Besides the Democratic elite, I am mad at the media. I expect to see real news from here on out, especially after I got that so-called apology letter from the NY Times. Going forward, I want explanations on how Trump’s proposals will effect average Americans, the middle class who voted for him, and I want it explained clearly. I was an economics major and a tax preparer. Not everyone understands the implications but it’s the media’s job to explain it in clear, unbiased language. Just the facts. If we are pitching in and stepping up to the plate, the media needs to do their part. One thing that needs to end is the pundits treating politics like a sport. When “Ray” shouted “yo” and changed the channel on my resurrected TV that’s what we were receiving over my new cable line. A shouting match of he said, she said. Nothing to do with anything of consequence.
Even one of my favorite writers, Timothy Egan, disappointed me the other day when he wrote this: When Trump tries to ignore the provisions of a global accord to curb climate change, and charts a path for the United States as a rogue nation, the resistance will come from the millions of young Americans who found a voice in old Bernie Sanders.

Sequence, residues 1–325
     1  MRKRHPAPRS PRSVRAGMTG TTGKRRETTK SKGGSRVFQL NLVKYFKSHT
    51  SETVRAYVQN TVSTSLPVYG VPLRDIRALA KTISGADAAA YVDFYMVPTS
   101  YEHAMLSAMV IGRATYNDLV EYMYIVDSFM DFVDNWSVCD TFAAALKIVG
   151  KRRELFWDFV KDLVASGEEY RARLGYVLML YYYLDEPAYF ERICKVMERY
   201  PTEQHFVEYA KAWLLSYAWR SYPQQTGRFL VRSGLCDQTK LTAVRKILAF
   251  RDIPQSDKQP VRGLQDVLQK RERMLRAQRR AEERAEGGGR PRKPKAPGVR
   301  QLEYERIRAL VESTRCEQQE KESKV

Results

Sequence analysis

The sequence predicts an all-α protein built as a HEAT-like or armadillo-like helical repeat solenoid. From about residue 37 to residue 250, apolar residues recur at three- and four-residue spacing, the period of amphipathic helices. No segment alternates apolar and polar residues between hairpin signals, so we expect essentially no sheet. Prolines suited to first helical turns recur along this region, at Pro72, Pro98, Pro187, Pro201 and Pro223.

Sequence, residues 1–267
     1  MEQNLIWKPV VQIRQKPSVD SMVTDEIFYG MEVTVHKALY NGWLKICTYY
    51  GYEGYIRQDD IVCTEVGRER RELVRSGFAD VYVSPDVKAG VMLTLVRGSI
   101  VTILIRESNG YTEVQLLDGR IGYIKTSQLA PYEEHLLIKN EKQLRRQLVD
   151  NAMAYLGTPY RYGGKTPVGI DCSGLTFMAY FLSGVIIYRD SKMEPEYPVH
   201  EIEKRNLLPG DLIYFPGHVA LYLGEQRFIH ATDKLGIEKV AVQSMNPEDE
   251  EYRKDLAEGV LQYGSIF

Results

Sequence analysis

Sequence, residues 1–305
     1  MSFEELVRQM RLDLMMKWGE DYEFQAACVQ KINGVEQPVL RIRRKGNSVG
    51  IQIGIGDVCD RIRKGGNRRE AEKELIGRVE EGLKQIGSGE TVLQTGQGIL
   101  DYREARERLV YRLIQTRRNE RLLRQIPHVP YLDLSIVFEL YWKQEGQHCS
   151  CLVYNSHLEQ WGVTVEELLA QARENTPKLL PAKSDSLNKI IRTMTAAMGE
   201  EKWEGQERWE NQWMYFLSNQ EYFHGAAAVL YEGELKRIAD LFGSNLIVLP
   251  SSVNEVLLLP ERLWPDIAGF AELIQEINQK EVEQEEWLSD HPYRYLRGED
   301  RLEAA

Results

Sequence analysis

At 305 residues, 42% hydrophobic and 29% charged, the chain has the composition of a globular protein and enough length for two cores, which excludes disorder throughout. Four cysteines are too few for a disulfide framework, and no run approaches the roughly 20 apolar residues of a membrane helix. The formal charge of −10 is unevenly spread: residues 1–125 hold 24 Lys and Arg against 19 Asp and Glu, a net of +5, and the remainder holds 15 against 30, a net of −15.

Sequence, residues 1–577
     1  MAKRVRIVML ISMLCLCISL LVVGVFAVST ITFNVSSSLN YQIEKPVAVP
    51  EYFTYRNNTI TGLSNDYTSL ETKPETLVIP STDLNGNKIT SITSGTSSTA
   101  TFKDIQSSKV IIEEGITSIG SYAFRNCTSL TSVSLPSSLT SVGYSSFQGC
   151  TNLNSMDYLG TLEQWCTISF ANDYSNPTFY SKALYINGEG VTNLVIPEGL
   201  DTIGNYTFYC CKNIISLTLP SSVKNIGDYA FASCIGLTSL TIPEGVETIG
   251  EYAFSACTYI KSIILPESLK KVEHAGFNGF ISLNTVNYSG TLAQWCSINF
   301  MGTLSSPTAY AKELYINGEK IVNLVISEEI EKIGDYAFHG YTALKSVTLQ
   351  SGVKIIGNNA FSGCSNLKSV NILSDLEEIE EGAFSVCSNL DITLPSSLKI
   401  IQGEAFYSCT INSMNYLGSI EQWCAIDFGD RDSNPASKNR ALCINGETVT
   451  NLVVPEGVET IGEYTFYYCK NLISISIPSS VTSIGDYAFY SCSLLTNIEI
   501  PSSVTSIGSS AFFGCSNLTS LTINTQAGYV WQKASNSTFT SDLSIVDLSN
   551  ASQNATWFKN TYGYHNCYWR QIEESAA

Throughout the primaries the New York Times never just wrote Bernie Sanders, if when and when they wrote of Bernie which was rarely. It was always the socialist democrat Bernie Sanders. His campaign was repeatedly described as quixotic. And here we are now hoping for a resistance led by young people who found a voice in OLD Bernie. Tim Egan needs to read Stephen King’s On Writing. Adjectives like that are misleading clutter. Come on, even I know that.
Okay. I have to put it behind me. The definition of liberal is forward thinking, enlightened, reformist, favorable to or respectful of individual rights and freedoms, tolerant, and open-minded. More than ever these qualities are being put to the test. Whether I like it or not, Trump is going to be my president. If I can find a silver lining, he did say some of the same things Bernie said about jobs and a rigged system.
We have to get out there and keep fighting. We have to hope for the best and protest the worst.
As my character Sam Ryder says in Life is All This, “I am a writer. I have a voice.” And there was this:
In Sam’s mind, politics had real life consequences. As the presidential election of 2004 reached its fever pitch, he felt swift boated from all sides by people who didn’t like him and his loved ones. He was worried about his son living in a world where it was okay to use real people, someone’s dearly loved child, as a political pawn to garner votes from the intolerant base. And what about his brother Joe, injured on a swift boat in the Mekong Delta? Intolerance was everywhere and it cut like a knife through the heart of his family.” ~ Life Is All This, Sheila Blanchette
Well, here are. We need to be vigilant. Each and everyone of us need to shut off the TV and get active. We need to reach out and help those in need, whoever they voted for. Politics has consequences and we are all about to learn that lesson the hard way.